Phillies nix plans to honor Pete Rose after latest controversy

Pete Rose’s latest controversy has the Phillies backtracking on plans to honor the former MVP. (AP Photo)

Two days after news broke that a sworn statement accuses Pete Rose of statutory rape in the 1970s, the shockwaves are starting to register. The Philadelphia Phillies, who were set to honor Rose with a ceremony and plaque on their Wall of Fame on Aug. 12, have canceled those plans.


Here’s the main part of the statement:

Due to recent events, the Phillies and Pete Rose have decided that Pete will not participate in the Phillies Alumni Weekend festivities to be held at Citizens Bank Park on August 10-13, 2017.

Rose said, “While I am truly honored that the Phillies fans voted for me to be this year’s Wall of Fame inductee, I am concerned that other matters will overshadow the goodwill associated with Alumni weekend, and I agree with the decision not to participate.”

 

Instead of straight-up canceling the pre-game ceremony, the Phillies are opting to have Rose not participate. The ceremony has been repurposed, so instead of a speech by Rose, the fans will get a tribute to former Wall of Fame inductees.

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The Aug. 12 ceremony is just one aspect of what was essentially going to be a Pete Rose weekend at Citizens Bank Park. Rose was voted onto the Phillies Wall of Fame by the fans, so the ceremony was a lead-up to the unveiling of his new plaque. And as a warm-up to the ceremony, the giveaway for the Aug. 11 game was a Pete Rose bobblehead. As the Phillies announced, the bobbleheads will no longer be given out. And while the statement doesn’t mention anything about Rose’s Wall of Fame plaque, Meghan Montemurro of The News Journal reported that Rose’s plaque will not be added to the wall.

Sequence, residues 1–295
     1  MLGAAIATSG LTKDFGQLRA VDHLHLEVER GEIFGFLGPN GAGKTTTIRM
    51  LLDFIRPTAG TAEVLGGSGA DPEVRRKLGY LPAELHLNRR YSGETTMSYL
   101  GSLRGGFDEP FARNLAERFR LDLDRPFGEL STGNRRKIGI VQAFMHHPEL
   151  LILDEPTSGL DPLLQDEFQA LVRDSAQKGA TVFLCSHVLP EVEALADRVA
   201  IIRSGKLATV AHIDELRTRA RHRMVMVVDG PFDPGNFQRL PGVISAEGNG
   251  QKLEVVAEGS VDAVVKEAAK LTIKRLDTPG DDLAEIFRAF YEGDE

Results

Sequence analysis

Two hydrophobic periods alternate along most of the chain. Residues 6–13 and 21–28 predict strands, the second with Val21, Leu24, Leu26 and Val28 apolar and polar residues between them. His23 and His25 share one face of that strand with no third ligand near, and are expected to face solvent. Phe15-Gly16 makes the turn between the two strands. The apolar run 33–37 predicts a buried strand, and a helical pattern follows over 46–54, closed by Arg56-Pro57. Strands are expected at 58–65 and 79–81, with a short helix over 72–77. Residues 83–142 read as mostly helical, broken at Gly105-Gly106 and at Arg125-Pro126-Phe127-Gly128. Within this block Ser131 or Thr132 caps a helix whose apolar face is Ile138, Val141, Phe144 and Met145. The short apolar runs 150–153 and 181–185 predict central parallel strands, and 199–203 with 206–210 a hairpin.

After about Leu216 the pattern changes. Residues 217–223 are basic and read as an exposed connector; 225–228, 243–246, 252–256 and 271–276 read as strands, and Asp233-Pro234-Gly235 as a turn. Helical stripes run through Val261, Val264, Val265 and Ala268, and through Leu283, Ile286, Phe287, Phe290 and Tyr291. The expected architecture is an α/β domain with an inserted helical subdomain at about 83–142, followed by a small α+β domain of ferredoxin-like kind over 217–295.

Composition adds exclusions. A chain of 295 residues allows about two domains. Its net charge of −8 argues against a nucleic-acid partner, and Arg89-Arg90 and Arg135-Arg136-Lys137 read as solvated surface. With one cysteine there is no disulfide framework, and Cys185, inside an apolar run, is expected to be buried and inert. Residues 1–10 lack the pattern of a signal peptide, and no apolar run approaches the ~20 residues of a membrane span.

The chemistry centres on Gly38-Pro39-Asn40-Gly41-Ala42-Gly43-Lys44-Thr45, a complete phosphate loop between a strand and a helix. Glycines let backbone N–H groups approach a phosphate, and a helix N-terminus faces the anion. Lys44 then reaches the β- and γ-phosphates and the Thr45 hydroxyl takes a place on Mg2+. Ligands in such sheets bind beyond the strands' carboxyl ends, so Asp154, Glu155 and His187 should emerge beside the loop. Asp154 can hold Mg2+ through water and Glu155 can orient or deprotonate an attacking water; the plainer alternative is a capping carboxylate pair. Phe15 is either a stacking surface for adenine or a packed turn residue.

The accusation of statutory rape against Rose came out during the proceedings of a defamation suit that Rose himself filed against John Dowd. Dowd oversaw MLB’s investigation into Rose in the ’80s as special counsel, and Rose is suing him over a comment he made in a radio interview about Rose having sex with underage girls in the 1970s. To support Dowd’s case (and his claim), Rose’s accuser, who is going by Jane Doe, alleges in a sworn statement that she and Rose had a sexual relationship that started when she was 14 or 15. Rose admits to having a sexual relationship with Jane Doe, but he says it started in 1975 when she was 16 (the age of consent in Ohio) and he was 34.

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Liz Roscher is a writer for Big League Stew on Yahoo Sports. Have a tip? Email her at lizroscher@yahoo.com or follow her on twitter! Follow @lizroscher

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